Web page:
Graham Parker and The Rumour – Fool’s Gold


Disc Three

1976
Ramones – Blitzkrieg Bop

1977
Elvis Costello – (The Angels Wanna Wear My) Red Shoes
Television – Marquee Moon

1978
Cheap Trick – Surrender
David Johansen - Frenchette

1979
Undertones – Teenage Kicks
Tom Petty and the Heartbreakers – Here Comes My Girl

1980
The Clash – Clampdown
The Jam – Going Underground

1981
X – The Once Over Twice
Pretenders – Message of Love

1982
Marshall Crenshaw – Mary Anne
Richard and Linda Thompson – Shoot Out the Lights

1983
R.E.M. – Radio Free Europe
The Plimsouls – A Million Miles Away

1984
U2 – Pride (In the Name of Love)
Replacements – Answering Machine
Listen to "Answering Machine"

Disc Four

1985
Run-D.M.C. – King of Rock
The Smiths – How Soon Is Now?

1986
Steve Earle – Someday
Dwight Yoakam – Guitars, Cadillacs

1987
Prince – I Could Never Take the Place of Your Man
John Hiatt – Have A Little Faith In Me

1988
The Persuasions – Soothe Me
The Waterboys – Fisherman’s Blues

1989
The Pixies – Here Comes Your Man
De La Soul – Say No Go

1990
Sinead O’Connor – The Last Day Of Our Acquaintance
Neil Young – Days That Used To Be

1991
Matthew Sweet – Girlfriend
Nirvana – In Bloom

1992
Los Lobos – When the Circus Comes
Freedy Johnston – Trying to Tell You I Don’t Know


Disc Five

1993
Liz Phair – Divorce Song
Urge Overkill – Sister Havana

1994
Oasis – Cigarettes and Alcohol
Pavement – Gold Soundz

1995
Son Volt – Windfall
Ben Folds Five – Alice Childress

1996
Buzz Zeemer – Break My Heart
Wilco – I Got You (At The End of the Century)

1997
Whiskeytown – Excuse Me While I Break My Own Heart Tonight
Old 97’s – Barrier Reef

1998
Lucinda Williams – Drunken Angel
Lauryn Hill – Every Ghetto, Every City

1999
Fountains of Wayne – Amity Gardens
Beth Orton – Stolen Car

2000
Marah – Point Breeze
Listen to "Point Breeze"

Disc Six

2000
PJ Harvey – You Said Something

2001
Alejandro Escovedo – Velvet Guitar
Ron Sexsmith – This Song

2002
Bright Eyes – Lover I Don’t Have to Love
Beck – The Golden Age

2003
Jesse Malin – Wendy
White Stripes – Girl, You Have No Faith In Medicine

2004
Rilo Kiley – Portions For Foxes
Drive-By Truckers – Carl Perkins’ Cadillac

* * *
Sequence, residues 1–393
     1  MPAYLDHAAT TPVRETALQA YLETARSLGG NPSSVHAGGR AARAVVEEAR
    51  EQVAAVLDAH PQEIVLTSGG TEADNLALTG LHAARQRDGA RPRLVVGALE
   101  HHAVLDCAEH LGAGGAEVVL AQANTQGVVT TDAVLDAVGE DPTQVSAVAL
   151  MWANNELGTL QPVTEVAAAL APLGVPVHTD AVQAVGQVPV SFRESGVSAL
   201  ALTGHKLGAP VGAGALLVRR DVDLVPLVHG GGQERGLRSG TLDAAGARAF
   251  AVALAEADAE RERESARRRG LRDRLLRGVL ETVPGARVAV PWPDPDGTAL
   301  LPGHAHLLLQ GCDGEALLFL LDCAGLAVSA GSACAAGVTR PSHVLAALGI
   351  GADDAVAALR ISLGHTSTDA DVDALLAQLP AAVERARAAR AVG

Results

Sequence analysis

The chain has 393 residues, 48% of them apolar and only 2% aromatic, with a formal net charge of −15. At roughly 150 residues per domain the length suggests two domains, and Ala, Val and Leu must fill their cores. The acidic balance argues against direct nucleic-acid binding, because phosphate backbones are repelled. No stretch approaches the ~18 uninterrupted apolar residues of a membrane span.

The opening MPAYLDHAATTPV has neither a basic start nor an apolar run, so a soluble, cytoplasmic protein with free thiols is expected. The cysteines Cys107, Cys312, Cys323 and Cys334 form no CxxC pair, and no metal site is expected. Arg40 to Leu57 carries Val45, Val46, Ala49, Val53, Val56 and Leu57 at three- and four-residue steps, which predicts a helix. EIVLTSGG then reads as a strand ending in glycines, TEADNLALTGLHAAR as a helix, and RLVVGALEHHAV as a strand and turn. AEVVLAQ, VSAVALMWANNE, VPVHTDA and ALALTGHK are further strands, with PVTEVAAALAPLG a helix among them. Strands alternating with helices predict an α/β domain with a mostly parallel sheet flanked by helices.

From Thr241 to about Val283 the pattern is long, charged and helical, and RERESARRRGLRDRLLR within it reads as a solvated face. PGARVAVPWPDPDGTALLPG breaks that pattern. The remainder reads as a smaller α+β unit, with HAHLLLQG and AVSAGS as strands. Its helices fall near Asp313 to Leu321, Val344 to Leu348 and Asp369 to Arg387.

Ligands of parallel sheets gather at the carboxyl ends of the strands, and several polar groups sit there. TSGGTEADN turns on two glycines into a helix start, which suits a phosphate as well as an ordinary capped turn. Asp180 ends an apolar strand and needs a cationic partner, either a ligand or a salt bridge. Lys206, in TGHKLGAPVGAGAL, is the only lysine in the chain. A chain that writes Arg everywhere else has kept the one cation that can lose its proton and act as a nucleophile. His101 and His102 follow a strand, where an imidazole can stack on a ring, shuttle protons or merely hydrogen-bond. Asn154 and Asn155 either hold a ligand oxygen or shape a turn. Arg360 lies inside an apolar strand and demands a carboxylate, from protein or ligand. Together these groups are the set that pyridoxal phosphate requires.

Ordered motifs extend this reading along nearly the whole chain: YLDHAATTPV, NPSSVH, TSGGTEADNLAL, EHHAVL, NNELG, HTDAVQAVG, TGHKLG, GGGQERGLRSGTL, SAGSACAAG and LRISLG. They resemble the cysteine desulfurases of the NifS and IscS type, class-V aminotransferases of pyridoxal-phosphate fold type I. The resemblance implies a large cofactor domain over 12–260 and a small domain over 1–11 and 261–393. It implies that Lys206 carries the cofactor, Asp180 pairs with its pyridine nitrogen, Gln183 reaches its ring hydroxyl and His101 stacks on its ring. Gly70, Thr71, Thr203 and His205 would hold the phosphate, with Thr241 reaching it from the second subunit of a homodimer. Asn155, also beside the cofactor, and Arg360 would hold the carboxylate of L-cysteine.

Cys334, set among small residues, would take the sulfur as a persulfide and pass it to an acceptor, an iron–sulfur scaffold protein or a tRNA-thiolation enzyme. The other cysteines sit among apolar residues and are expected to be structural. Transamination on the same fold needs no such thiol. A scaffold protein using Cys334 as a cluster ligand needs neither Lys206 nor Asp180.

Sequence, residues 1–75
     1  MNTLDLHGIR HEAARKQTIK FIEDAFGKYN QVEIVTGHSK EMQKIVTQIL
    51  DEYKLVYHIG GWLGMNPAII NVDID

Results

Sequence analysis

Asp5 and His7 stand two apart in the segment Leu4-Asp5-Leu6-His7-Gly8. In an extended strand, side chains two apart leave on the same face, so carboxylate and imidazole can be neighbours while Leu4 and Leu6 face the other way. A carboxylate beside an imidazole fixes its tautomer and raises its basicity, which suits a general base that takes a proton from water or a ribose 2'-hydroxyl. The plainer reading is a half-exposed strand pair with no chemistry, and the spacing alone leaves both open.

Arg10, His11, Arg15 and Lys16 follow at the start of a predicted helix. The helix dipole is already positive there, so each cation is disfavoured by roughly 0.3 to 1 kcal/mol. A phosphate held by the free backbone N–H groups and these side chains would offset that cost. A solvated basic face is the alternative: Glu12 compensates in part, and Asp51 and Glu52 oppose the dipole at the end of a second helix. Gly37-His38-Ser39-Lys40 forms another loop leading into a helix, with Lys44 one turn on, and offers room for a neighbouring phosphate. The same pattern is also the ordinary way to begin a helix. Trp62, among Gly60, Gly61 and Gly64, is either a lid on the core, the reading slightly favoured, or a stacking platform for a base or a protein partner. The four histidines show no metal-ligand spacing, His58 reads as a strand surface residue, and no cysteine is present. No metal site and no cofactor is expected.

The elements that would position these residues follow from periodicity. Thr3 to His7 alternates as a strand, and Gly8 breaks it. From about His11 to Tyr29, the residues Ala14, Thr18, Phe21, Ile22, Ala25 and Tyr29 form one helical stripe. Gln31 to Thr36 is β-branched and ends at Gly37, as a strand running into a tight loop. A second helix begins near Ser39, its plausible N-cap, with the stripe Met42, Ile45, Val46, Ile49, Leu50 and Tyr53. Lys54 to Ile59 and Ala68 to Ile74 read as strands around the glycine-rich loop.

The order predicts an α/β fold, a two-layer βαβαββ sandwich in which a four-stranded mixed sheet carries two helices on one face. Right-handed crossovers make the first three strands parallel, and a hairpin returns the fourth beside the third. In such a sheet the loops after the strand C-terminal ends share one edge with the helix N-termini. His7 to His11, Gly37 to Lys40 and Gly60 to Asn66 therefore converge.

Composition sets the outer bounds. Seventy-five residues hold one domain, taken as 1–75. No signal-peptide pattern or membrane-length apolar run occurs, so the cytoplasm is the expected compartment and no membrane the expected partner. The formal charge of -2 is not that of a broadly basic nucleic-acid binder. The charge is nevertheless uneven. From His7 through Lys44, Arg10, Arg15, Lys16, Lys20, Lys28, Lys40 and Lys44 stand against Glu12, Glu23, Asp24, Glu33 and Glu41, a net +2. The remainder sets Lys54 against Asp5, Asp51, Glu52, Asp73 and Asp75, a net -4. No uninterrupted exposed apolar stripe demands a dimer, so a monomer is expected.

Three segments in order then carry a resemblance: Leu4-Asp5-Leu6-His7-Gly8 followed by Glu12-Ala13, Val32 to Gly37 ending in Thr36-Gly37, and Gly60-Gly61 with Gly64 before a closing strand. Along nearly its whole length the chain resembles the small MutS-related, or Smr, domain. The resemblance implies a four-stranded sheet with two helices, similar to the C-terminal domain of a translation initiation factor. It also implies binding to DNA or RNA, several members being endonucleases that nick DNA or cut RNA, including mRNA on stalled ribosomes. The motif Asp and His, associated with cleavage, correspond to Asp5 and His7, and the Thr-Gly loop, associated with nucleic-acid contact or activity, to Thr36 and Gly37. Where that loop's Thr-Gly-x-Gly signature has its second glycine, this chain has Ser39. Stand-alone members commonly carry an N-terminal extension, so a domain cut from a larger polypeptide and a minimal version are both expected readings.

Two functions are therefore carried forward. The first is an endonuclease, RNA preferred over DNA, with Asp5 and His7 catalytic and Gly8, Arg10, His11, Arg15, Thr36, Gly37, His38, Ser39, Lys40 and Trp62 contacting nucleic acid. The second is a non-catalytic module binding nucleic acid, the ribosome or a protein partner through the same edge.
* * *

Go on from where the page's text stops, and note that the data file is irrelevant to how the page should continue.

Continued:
2005
New Pornographers – Sing Me Spanish Techno
The Hold Steady – Banging Camp

2006
Scott McClatchy – Burn This
The Format – She Doesn’t Get It

2007
The Ike Reilly Assassination – When Irish Eyes Are Burning

14 comments:

Reebs said...

I can't think of a better gift for Teeker...wish I'd thought of it.

PS - Where'd you get the picture??

Michael Atchison said...

Got the picture from Teek himself. He was easily (and clandestinely) manipulated for this project.

Kevin McClatchy said...

Great job, Michael. I hope to make your acquaintance one day.
Teek — Happy 50th. All hail Sink Man!

Shuggie said...

Goddamn Mike, what an incredible mix!

I was going to comment that 1966 looked like a golden year, then I saw 1972 and 1974 and 1977 and 1979 and 1983 and 1984 and 1997 and 2003 and 2005 and realized that it's a golden mix. Well done.

don said...

Great, great job!

(can we nitpick?) (nah) (oh what the heck, it's what I do)

I'd have gone with "Bittersweet" instead of "How Soon is Now" for Teek circa 1985.

Still, 99 out of 100 is pretty good ;)

-tom said...

Nice job !

I'll be around XPN fest all weekend
hope to meet you while you're here hanging out with Grandpa Teek.

Paula said...

Please let Trip know that Paula from XPN shares the same birthday, July 18. Happy belated to Trip!

donna said...

Wow, a perfect gift for a perfect friend.
Love and best wishes from Leech and his woman.
Welcome to the 50s. We saved you a seat.
Donna and John
Classy of '75

Satch said...

PERFECT!!!

I can't wait to share a few pints with you and the 50 year old Geezer ... you are bringing CDs for everyone ... right? ;-)

Terri said...

If anyone has any complaints about this mix, they're outta there minds. Very awesome job!

Todd said...

You've chosen well, Mr Atchison.

I met Trip for the first time myself last weekend, with Shuggie and New Berg, in a dingy little dive in West Chester, watching another unknown band save Rock and Roll again.

He's a fine man, a prodigious purveyor of philosohical music prose and an unparalleled source of top-quality mix-CDs. Also, he doesn't cry when the last band comes on at quarter to one in the morning--he knows that it'll be worth the wait.

Happy 5-0 Mr Teek.

Vincent said...

To be 50 and have a loving wife and family, friends around the country and still discovering amazing new music. Who could have asked for more back in high school?

Still the man (kid)! Happy Birthday my friend!

Vince

Steve Arino said...

This is a great list which I am sure took a long time. I innocently ask if London Calling and Sound Affects did not come out in 79? Not trying to be a record geek, just too lazy to go check the album jackets. But wow what a project!

Ann said...

Phew. I didn't get something in my eye until I started reading the tracklist. Happy birthday, Teek, and many, many more. Great job, Michael - we should all have such friends.